But kids are not the only ones to benefit from having a loving, involved dad. His presence also encourages his wife to feel more secure, more patient, more flexible, more affectionate and more available to her family. And he’s helping himself to feel more connected to his community and more trusting in his family and friends.
That’s what some of the studies show. But the even better news is many men are by themselves waking up to all that they have to give their children.
“I wouldn’t say it’s universal. But it’s certainly a lot more now than even 10 or 15 years ago,” says Bader. “This seems to be particularly true for men who didn’t have very good fathering from their own fathers. They want their child to have a better start.”
Lau agrees. “The younger fathers,” he says, “are seeing the value in using biblical principles in their parenting. Even if they come from Christian homes, they realize, ‘I don’t want to raise my kid culturally. I want to know how to raise my kid biblically.’”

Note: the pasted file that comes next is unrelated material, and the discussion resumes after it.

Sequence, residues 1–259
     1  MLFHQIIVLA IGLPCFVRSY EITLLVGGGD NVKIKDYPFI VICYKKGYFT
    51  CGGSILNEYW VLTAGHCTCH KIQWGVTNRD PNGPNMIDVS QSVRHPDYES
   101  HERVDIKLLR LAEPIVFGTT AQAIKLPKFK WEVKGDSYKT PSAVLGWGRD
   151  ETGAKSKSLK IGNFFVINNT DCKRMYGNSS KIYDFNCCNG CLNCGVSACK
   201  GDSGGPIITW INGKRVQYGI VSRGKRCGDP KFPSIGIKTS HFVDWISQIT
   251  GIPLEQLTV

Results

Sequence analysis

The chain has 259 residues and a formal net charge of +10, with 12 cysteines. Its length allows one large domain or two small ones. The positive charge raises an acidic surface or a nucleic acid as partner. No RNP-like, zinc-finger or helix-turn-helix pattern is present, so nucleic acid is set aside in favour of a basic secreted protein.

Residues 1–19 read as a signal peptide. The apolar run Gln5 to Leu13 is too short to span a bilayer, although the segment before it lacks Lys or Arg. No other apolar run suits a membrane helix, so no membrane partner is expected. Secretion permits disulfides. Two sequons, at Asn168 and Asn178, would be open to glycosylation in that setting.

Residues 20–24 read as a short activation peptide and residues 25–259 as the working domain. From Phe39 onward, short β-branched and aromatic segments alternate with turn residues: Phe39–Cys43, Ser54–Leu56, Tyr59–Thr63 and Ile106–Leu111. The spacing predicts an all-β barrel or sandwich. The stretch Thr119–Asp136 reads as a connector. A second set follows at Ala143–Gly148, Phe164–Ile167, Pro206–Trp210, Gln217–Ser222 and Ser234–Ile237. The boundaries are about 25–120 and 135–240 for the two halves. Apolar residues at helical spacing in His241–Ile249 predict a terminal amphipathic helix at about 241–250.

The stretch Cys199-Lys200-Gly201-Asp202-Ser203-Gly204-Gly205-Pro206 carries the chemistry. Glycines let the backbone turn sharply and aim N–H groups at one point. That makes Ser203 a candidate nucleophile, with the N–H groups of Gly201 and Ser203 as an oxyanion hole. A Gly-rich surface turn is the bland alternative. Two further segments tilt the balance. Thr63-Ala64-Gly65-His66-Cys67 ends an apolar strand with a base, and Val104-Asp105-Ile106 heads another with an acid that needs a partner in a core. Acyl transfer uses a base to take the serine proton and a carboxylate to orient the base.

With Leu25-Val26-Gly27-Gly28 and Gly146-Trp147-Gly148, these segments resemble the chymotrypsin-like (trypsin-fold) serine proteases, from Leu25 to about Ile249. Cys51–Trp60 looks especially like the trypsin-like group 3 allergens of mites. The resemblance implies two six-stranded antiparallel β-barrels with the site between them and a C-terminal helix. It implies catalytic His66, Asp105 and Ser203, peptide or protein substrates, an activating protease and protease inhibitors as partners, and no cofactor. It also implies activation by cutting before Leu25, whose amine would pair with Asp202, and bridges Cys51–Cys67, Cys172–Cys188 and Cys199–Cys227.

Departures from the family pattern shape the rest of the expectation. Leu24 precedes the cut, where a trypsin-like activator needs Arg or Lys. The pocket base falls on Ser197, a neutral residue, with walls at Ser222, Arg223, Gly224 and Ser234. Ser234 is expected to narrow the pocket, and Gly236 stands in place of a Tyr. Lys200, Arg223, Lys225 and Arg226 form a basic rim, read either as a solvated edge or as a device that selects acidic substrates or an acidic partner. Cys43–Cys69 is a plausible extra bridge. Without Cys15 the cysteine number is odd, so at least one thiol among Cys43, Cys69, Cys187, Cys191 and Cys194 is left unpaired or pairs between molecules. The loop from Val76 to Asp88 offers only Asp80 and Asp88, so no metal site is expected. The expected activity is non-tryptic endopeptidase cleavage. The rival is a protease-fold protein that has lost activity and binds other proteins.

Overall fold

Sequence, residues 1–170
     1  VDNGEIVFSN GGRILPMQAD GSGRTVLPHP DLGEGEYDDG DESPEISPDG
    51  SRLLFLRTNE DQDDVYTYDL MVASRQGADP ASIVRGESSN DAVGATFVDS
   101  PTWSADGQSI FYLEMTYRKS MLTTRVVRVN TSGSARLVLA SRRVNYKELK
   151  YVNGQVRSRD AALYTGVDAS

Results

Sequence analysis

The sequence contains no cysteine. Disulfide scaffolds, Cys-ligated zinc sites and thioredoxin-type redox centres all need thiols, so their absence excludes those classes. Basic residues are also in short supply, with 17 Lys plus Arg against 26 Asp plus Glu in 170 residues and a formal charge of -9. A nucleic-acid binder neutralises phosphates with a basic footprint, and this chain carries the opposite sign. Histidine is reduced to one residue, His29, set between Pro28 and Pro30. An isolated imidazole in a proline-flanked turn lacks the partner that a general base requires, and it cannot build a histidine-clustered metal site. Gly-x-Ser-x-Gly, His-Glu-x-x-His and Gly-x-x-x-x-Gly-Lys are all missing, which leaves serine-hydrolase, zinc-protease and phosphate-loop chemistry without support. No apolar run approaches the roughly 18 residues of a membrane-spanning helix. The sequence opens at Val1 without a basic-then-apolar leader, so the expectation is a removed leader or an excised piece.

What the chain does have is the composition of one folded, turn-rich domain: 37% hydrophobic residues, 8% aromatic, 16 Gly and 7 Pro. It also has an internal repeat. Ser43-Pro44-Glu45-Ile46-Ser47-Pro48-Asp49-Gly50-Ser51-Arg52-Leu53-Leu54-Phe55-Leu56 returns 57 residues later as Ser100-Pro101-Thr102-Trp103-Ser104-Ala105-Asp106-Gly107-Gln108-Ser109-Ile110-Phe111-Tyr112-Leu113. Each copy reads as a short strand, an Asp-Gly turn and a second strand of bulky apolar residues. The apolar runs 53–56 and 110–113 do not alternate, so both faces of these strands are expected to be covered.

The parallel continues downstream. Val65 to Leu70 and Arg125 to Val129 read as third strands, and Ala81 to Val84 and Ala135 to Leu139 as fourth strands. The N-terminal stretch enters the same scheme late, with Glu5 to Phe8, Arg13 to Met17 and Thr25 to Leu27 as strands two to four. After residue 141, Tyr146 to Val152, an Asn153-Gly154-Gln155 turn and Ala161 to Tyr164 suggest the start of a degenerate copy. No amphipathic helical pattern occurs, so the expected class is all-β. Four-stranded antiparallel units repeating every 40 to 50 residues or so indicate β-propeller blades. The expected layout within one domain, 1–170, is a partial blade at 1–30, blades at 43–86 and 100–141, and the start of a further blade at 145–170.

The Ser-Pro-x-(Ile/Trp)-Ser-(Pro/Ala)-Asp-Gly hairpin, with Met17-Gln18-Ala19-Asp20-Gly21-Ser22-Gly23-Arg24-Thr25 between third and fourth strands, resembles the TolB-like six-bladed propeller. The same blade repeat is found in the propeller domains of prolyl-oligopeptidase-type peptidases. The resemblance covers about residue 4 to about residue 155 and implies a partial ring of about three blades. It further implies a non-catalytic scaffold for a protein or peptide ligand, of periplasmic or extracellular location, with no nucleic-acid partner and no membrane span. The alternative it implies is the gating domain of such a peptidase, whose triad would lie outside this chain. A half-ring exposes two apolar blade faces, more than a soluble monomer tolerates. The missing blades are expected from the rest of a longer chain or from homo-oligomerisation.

Quist believes this newfound desire plus the contemporary solid research on fathering needs to be communicated to a society that rightly or wrongly blames men for a lot of its problems.
“I’m optimistic,” he says, “that as more people become aware of the importance of fatherhood—whether it’s through our churches, the media or Promise Keepers, whatever it may be—that we’ll take a second look as a society at some of these things.”
Frank Stirk is a freelance writer based in North Vancouver. He is the B.C. regional correspondent for ChristianWeek, and a regular contributor to Family News in Focus.
The article above was featured in the July/August 2008 issue of SEVEN magazine.